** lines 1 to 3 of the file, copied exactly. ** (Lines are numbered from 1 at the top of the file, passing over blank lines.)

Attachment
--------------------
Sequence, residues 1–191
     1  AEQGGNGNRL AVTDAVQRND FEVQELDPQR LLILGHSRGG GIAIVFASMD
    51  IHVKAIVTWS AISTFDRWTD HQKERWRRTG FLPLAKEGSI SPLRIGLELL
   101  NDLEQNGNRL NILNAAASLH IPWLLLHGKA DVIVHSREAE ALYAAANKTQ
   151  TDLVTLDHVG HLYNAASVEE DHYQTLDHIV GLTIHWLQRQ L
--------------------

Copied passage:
Sequence, residues 1–191
     1  AEQGGNGNRL AVTDAVQRND FEVQELDPQR LLILGHSRGG GIAIVFASMD
    51  IHVKAIVTWS AISTFDRWTD HQKERWRRTG FLPLAKEGSI SPLRIGLELL